Simpler Data Center Bus Protection with GOOSE
Achieve the same level of protection more easily and without common limitations with a new method for protecting data-center buses from outages.
There are a virtually unlimited number of scenarios that can result in a data center power bus outage. Internal bus faults can quickly cause severe damage due to the high resulting currents. Traditional bus protection schemes include high- and low-impedance bus differential, and switchgear arc flash detection. These bus differential schemes are widely used for substation and switchgear buses including single bus, transfer bus, and breaker-and-a-half bus arrangements. Arc-flash detection is used only in enclosed switchgear. Each of these protection schemes provides a level of protection but is hampered by limitations.
Traditional protection schemes
In the low-impedance approach, the CT currents flow into a junction point where they are monitored by an overcurrent relay. Due to possible CT saturation during an external fault, the relay must be desensitized in order to operate correctly. A time-delay element may also be required to suppress tripping. Compared to other conventional schemes, this method is typically less sensitive and may be slower to respond to a fault.
The high-impedance approach adds a high-impedance relay. As with the low-impedance scheme, voltage across the high-impedance component will normally be close to zero. During internal bus faults, high current in the high-impedance component creates a large voltage that will be detected by the relay, resulting in a trip. This approach offers both higher sensitivity and speed compared to the low-impedance method.
Arc-flash detection relies on relays and either individual optical sensors or sensor ropes to detect the light of an arc flash. This scheme provides a high-speed response but may not be sufficiently sensitive to low-impedance bus faults.
An additional drawback to both impedance- and arc-flash-based schemes is that they can’t easily accommodate system expansions or increases in system fault current.
GOOSE-enabled bus protection
An improved approach eliminates the dedicated bus protection relay, relying instead on each breaker’s relay, such as the feeder protection relay or breaker failure relay. A “master” relay performs the bus-protection role, with another relay assigned as a backup to the master. All relays involved in bus protection communicate via IEC61850 GOOSE (Generic Object Oriented Substation Event) protocols.
IEC61850-compliant relays are usually equipped with multiple Ethernet ports with Parallel Redundancy Protocol (PRP). This enables double-star or self-healing ring network topologies that effectively achieve 100% communication availability. Of the two, the double-star creates less network disturbance during future expansions, offers faster trouble shooting, has minimum communication latency, and is easier to maintain.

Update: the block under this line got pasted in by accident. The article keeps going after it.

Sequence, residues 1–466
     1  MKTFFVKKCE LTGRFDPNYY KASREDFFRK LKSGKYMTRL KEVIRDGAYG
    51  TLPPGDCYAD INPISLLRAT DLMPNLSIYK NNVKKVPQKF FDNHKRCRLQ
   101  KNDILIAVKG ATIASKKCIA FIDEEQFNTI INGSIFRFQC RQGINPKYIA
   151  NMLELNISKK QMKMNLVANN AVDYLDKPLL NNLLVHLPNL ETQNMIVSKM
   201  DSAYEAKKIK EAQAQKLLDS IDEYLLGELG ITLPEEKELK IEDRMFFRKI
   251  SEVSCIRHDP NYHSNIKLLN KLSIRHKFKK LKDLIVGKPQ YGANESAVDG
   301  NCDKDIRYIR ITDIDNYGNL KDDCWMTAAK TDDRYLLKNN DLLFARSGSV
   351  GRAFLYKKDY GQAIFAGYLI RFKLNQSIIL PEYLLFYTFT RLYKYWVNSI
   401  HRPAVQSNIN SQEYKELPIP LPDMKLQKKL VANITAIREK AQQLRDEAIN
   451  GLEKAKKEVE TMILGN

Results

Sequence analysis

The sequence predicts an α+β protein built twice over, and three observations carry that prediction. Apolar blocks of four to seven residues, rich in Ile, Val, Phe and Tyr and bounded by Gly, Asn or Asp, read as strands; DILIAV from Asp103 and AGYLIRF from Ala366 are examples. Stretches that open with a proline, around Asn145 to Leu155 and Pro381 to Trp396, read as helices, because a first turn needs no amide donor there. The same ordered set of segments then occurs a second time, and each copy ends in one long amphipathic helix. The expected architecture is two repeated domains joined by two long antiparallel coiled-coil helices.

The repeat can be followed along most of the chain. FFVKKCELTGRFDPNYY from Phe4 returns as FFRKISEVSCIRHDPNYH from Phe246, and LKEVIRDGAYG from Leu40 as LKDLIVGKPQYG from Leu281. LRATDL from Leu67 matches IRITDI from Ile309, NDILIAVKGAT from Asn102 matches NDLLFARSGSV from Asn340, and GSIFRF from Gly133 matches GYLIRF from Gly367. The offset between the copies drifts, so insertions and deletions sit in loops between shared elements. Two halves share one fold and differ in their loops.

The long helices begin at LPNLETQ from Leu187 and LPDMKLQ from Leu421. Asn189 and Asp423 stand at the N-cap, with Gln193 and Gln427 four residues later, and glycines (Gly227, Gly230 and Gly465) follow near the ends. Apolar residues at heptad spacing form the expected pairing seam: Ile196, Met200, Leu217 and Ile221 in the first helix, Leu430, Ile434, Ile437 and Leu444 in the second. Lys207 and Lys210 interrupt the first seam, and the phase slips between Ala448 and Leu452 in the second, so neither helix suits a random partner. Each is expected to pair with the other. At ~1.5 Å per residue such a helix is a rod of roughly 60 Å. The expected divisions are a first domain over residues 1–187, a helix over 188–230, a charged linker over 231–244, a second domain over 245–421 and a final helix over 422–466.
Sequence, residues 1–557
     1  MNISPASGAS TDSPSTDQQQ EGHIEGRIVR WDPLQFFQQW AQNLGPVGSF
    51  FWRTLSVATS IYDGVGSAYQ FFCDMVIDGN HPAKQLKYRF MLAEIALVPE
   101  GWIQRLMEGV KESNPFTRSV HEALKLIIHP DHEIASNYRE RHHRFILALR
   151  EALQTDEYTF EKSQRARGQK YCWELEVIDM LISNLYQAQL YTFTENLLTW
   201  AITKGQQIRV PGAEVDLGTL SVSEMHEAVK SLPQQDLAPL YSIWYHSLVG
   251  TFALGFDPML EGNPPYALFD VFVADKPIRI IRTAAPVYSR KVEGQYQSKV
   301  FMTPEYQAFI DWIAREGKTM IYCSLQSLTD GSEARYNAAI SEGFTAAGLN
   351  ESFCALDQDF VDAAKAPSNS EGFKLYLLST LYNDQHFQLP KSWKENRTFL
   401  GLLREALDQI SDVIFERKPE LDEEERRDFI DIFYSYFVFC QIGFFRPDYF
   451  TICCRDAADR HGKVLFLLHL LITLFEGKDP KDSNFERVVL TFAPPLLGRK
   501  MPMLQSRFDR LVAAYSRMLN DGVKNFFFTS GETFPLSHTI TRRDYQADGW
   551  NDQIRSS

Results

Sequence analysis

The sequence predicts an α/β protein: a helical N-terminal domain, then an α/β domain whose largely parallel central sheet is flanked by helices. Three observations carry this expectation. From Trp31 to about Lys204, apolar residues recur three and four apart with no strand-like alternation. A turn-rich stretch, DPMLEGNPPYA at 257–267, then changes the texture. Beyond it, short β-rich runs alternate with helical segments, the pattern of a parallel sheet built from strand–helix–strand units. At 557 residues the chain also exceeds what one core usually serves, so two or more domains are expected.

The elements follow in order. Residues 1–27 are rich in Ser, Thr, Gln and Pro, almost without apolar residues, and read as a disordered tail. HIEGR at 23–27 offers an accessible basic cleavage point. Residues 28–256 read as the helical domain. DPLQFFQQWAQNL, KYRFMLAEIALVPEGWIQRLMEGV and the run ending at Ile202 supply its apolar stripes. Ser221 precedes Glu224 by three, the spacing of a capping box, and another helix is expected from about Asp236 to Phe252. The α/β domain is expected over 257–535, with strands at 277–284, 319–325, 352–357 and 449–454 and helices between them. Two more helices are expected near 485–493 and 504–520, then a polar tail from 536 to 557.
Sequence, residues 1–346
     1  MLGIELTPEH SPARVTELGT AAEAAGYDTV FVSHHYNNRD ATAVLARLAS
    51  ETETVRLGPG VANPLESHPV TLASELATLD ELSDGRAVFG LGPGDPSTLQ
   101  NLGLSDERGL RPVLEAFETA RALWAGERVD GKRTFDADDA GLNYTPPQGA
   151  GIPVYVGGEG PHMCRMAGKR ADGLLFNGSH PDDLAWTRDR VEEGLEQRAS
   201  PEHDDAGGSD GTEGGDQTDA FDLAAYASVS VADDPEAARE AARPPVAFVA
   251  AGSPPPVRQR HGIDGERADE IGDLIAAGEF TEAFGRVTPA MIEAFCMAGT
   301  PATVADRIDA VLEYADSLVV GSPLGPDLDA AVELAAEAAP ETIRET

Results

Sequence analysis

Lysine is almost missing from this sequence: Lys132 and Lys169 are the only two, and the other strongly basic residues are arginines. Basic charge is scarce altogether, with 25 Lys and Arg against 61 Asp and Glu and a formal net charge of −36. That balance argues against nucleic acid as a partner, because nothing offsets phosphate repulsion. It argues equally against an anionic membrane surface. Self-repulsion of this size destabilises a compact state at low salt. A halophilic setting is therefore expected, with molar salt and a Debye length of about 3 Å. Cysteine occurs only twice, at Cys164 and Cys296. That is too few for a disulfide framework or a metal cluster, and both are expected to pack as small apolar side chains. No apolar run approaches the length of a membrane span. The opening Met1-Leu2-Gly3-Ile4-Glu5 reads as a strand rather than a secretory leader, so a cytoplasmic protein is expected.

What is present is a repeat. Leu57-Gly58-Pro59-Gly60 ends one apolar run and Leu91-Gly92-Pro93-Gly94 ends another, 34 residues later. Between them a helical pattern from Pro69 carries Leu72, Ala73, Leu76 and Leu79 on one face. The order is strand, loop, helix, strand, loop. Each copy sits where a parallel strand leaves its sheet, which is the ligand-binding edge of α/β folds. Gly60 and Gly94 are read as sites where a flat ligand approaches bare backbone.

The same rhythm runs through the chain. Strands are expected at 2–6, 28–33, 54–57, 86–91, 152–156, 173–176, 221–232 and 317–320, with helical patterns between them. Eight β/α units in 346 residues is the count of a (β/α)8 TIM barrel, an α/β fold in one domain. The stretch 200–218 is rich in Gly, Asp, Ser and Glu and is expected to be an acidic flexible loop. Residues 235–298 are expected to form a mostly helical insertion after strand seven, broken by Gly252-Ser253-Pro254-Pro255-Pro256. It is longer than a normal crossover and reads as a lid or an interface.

Reducing the cross wiring of related relays means huge savings in engineering, installation labor/time, and materials associated with traditional copper wiring.
New versus existing schemes
The GOOSE-enabled scheme has been proven to reliably protect the bus against internal and external faults, and accomplishes this at a lower cost than traditional methods. For new installations, costs are reduced by avoiding the expense of additional, protective relays. Lifecycle costs are reduced through reduced copper-wire installation and maintenance. Long-term, the new scheme provides a much simpler path to future expansions or modifications.
This new scheme can be thought of as a no-cost, parallel bus-protection layer in addition to existing high- or low-impedance differential relays. It is appropriate where the following conditions exist:
- Circuit breakers lacking a dedicated CT for a differential relay
- Existing switchgear lacking space for a stand-alone differential relay
- Where wiring a new/additional standalone differential relay would be difficult
- Supplemental switchgear protection is needed
The core logic of the scheme is simple yet effective for protecting data-center substation and switchgear buses with one or multiple contributing sources. In data centers, where modifications and expansions are common, the logic can be easily and affordably modified to adapt to changes in the power system, or when adding/subtracting contributing circuit breakers.
For additional information on this topic, including technical details, request a copy of the white paper “Bus Bar Protection: A New and Reliable Approach”.